If the Democrat majority in the House impeaches President Donald Trump, the Senate should employ “the unanimous template from 1999,” Senate Majority Leader Mitch McConnell (R-Ky.) said Wednesday prior to the House vote.
In a Senate floor speech, McConnell said that, since all 100 Senators in 1999 approved the impeachment process used in the trial of President Bill Clinton, then the Senate should apply that same process when it comes to President Donald Trump:
1. A Briefing,
2. Opening Arguments,
3. Senators’ Questions (No Witnesses),
4. Vote on Motion to Dismiss Charges,
5. Trial, with Questioning of Witnesses – if the motion to dismiss fails.
McConnell said that Senate Minority Leader Chuck Schumer (D-NY) wants to break from the precedent that was unanimously set in 1999:
“Over the weekend, my colleague, the Democratic Leader began asking the Senate to break from precedent, break with the unanimous template from 1999, and begin choreographing the middle of a potential trial before we’ve even heard opening arguments.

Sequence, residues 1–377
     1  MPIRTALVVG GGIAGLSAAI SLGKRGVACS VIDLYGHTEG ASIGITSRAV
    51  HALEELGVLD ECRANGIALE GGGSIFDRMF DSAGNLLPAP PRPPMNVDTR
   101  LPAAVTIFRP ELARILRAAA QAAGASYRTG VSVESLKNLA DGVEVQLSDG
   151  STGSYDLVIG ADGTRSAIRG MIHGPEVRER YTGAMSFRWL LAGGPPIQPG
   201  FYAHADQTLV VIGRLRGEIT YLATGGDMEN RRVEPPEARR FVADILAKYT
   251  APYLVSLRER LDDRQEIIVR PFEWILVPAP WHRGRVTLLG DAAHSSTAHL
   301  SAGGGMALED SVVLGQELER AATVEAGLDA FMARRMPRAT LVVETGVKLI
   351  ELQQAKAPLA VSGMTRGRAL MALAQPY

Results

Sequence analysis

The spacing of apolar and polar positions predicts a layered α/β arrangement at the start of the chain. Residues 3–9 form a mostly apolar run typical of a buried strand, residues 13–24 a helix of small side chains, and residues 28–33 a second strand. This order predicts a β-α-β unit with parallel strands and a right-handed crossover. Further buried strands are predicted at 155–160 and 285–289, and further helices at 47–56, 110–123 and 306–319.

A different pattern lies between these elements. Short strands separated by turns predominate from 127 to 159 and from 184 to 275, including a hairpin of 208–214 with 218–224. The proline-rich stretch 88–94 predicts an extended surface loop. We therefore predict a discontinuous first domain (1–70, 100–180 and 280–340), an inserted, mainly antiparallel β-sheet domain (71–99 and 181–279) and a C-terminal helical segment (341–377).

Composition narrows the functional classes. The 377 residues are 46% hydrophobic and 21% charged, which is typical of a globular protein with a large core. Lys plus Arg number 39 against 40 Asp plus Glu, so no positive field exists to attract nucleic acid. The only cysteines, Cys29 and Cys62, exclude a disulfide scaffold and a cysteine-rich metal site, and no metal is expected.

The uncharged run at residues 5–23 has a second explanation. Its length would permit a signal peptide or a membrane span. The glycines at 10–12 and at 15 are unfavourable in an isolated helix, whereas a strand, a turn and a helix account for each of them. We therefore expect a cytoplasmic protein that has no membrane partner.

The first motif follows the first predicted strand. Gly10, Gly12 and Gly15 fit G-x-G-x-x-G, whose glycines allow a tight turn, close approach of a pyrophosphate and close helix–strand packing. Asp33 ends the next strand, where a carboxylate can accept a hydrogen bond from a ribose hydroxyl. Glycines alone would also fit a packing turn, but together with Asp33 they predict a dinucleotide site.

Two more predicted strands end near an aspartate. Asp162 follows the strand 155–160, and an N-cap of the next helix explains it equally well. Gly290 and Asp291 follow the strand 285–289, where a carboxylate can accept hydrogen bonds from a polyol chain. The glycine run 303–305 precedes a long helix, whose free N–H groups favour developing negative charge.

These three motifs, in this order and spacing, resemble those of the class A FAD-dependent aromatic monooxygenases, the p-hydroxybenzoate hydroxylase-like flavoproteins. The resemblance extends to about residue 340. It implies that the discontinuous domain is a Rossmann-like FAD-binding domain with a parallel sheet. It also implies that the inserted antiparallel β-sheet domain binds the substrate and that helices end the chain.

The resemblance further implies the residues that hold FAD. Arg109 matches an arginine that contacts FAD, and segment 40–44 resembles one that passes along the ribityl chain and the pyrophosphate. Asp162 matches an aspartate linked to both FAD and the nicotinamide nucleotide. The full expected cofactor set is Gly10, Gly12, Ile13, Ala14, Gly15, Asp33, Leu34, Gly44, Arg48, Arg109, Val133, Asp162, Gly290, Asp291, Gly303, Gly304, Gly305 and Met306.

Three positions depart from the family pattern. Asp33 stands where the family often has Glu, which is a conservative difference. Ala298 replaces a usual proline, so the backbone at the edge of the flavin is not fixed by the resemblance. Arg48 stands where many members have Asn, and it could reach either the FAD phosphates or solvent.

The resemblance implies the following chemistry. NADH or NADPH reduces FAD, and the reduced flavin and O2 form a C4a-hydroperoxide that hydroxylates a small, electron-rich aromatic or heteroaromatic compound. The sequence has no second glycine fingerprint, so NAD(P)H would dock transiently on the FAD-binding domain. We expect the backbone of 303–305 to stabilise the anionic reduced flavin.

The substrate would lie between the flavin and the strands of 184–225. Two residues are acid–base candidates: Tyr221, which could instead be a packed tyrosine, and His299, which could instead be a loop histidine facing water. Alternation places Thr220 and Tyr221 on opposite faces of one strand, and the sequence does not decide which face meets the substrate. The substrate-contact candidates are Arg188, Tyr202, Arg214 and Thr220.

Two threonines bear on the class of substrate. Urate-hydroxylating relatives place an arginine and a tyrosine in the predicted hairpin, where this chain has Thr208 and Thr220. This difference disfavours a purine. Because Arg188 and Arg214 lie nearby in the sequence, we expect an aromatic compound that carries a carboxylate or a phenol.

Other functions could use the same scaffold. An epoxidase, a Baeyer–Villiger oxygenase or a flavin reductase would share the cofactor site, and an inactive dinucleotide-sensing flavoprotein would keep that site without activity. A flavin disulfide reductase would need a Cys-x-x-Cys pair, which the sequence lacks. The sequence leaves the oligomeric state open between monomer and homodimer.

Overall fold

“In 1999, all 100 senators agreed on a simple pre-trial resolution that set up a briefing, opening arguments, senators’ questions, and a vote on a motion to dismiss. Senators reserved all other questions, such as witnesses, until the trial was underway.
“That was the unanimous bipartisan precedent from 1999. Put first things first, lay the bipartisan groundwork, and leave mid-trial questions to the middle of the trial.”
But, “No amount of bluster” by Schumer can change the fact that the 1999 process was unanimously approved by both Democrats and Republicans, McConnell said, adding that the process that was good enough for Clinton should, likewise, be good enough for Trump:
“I have hoped, and still hope, that the Democratic Leader and I can sit down and reproduce that unanimous bipartisan agreement this time. His decision to try to angrily negotiate through the press is unfortunate.
“But no amount of bluster will change the simple fact that we already have a unanimous… bipartisan… precedent.
“If 100 senators thought this approach was good enough for President Clinton, it ought to be good enough for President Trump.”